Being my birthday in the first week of October, the horoscope tells me that I should be impartial and balanced; brave but indecisive
He can even describe my physical characteristics. According to Raphael, a 19th-century astrologer, I should be «quite elegant in person, with a beautiful round face, ruddy in youth, but plain features and prone to breakouts that will disfigure the face in old age.»
I should be offended, until I realized that Zac Effron and Gwen Stefani supposedly have the same traits.
It goes without saying that scientific studies have discredited this type of prediction a long time ago.
Although a psychological study from the 1970s found that certain zodiac signs can be correlated with some personality traits, the findings later concluded that this almost certainly reflects the power of expectations.
If we grow up hearing that we will be fair and just, stubborn or passionate, then we will act from the script. Crucially, the scientists found that people who don’t know anything about their horoscopes don’t match the predictions.
Specific forecasts may be wrong for horoscopes, but they have a grain of truth; Over the last few years, scientists have begun to notice that the month of your birth can actually predict your destiny.
The most obvious effects have to do with grades: children born at the end of the school year perform slightly worse than those born at the beginning, although the differences tend to disappear over the years. But there are other, more surprising patterns that are not so easily explained.
In the late 1990s, for example, Leonid Gavrilov of the University of Chicago found that people born in the fall tend to live longer.
He has since confirmed his discovery with many different studies and looking at centenarians, his latest research found that autumn babies are around 40% more likely to live to be 100 than people born in March.
At first, Gavrilov’s discoveries were regarded with suspicion and misunderstanding. «People unfamiliar with the latest scientific studies on this topic remain skeptical, associating the study with astrology,» he says.
«But today, when we present our findings in peer-reviewed journals, they are very well received by experts.»
Sreeram Ramagopalan of Oxford University agrees that the area is gaining ground. He points out that in some of the earlier studies only a small number of participants had been examined so it was very difficult to ensure that the results were not just a fluke.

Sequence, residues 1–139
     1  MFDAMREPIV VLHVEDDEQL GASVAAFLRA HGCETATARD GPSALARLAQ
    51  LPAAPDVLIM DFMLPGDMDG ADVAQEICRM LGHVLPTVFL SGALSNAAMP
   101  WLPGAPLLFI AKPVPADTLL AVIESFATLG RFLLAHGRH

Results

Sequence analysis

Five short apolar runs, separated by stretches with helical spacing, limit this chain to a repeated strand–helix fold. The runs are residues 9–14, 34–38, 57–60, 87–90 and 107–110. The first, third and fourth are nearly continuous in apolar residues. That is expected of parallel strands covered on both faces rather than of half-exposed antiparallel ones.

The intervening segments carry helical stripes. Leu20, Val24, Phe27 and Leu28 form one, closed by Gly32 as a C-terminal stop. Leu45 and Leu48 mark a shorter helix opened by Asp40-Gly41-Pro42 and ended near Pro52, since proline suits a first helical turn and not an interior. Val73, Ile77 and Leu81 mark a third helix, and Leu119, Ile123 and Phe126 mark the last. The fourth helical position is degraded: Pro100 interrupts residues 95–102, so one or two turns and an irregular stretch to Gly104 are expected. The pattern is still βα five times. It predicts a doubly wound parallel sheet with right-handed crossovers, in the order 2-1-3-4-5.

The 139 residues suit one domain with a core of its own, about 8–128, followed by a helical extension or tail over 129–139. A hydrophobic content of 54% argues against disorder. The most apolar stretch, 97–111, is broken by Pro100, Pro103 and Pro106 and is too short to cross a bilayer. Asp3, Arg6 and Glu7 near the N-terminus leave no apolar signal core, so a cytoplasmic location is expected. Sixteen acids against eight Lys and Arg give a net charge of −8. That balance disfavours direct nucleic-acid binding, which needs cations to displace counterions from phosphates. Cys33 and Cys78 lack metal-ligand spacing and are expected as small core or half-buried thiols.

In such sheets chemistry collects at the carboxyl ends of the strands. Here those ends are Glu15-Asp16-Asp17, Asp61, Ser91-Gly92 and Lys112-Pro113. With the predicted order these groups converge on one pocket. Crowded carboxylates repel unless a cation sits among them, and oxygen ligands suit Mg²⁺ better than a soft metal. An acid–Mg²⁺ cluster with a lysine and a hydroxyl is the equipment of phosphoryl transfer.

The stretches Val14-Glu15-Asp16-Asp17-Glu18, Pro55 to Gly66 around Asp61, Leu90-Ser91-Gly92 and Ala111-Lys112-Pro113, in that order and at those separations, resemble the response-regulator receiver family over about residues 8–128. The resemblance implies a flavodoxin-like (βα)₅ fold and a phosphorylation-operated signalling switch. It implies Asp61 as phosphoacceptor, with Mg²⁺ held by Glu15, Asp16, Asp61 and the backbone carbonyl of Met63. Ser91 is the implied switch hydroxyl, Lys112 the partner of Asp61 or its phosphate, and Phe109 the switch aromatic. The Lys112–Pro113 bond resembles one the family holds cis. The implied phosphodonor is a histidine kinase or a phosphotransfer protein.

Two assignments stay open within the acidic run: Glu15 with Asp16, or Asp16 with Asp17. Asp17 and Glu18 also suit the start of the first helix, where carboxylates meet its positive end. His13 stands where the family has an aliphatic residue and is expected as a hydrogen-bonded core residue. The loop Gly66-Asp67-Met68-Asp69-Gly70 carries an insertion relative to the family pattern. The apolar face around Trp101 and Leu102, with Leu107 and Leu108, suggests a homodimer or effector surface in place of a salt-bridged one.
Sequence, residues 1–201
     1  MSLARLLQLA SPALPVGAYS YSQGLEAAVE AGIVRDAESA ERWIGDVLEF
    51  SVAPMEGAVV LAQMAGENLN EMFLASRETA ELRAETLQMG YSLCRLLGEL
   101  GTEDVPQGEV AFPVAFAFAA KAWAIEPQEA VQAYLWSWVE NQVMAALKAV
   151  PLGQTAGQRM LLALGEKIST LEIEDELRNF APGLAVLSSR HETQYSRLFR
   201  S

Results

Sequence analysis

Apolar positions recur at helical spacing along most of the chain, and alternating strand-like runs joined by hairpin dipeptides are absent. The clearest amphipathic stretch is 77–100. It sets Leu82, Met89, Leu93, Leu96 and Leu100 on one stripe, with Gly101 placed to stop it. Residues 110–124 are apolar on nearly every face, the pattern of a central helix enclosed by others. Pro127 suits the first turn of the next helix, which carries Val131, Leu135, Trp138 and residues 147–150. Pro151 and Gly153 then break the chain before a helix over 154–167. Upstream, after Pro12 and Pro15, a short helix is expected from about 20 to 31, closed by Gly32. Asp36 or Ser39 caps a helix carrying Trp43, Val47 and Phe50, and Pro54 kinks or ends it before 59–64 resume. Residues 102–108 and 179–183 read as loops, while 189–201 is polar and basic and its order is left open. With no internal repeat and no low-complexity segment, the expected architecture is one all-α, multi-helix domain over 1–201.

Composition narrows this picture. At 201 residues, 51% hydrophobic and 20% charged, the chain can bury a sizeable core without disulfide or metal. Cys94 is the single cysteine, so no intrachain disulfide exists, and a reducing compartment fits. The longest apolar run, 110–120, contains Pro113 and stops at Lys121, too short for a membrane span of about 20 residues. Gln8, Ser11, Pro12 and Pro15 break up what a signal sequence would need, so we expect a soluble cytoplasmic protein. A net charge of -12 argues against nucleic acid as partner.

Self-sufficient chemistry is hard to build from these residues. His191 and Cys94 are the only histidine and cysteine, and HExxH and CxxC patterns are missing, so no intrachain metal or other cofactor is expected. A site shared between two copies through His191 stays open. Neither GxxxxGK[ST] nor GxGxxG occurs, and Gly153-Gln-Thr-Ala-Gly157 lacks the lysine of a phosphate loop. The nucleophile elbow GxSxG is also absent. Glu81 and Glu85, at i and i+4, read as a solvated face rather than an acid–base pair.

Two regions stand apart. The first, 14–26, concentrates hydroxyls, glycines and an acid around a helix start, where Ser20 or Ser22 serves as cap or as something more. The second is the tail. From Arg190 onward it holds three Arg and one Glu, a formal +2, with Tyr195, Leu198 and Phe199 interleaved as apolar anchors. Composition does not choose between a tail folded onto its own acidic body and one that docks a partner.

“In the last four or five years alone, there have been large studies to investigate such matters comprehensively,” he says.
Winter or summer babies?
Some of the latest research was gleaned from studying thousands of participants. Ramagopalan’s own studies, for example, analyzed the health records of almost 60,000 patients in England, showing that babies born in winter and spring are at increased risk of schizophrenia, depression and bipolar disorder.
Other traits influenced by time of birth appear to be eyesight (winter babies are least likely to be nearsighted) and risk of allergies (summer-borns are least susceptible).
Admittedly, the mechanisms behind these trends are a bit murky. It is possible that dietary changes and waves of infection could influence the growth of the developing baby, with a lingering effect on their health after decades.
You may also be exposed to different types of allergens during different seasons of the year. Alternatively, it could be as simple as the length of the day.
When it comes to eyesight, for example, studies have shown that periods of darkness can help regulate the growth of the eyeball.
So long summer days can also cause a baby’s eyes to grow out of shape, causing them to lose focus, while winter babies are less likely to need glasses as they grow.
Vitamin D and pregnancy
There is also vitamin D, which is produced when the skin is exposed to the sun. We have known for some time that a deficiency in this vitamin can weaken bones and cause rickets, but now it is known that vitamin D is crucial for the development of the immune system, which could also influence the risk of allergies and the nervous system.
“Animal studies found that if vitamin D is restricted during pregnancy, the offspring have severe neurological abnormalities,” says Ramagopalan.
For this reason, lower levels of vitamin D could lead to differences in neural network development, which in turn could explain the elevated rates of mental illnesses such as schizophrenia or depression among winter-born people.
This idea is still a hypothesis, although some serendipitous evidence has been found in Denmark. Shortly after birth, each Danish baby is pricked on the heel and a small spot of blood is kept as a record of their health at the time they come into the world.
By analyzing these data for people born in the 1980s and early 1990s, the researchers found that those who had the lowest levels of vitamin D at birth were more likely to develop schizophrenia later.
Based on these dates, parents-to-be may worry and try to plan for conception, but it is important to remember that the effects will tend to be relatively small.
Still, Ramagopalan says, over time, we may be able to find simple complications that smooth out these stationary differences, such as giving winter babies vitamin D supplements.
If nothing else, the results give us a better idea of the rich variety of influences that guide our destiny. Clearly our genes and upbringing are primary factors, but if something as random as the month of birth can shape our mental health and life expectancy, what other factors could determine our fortune?
Our destinies may not be written in the stars, but we are beginning to understand many other invisible forces that direct the path of our lives from the very day we are conceived.
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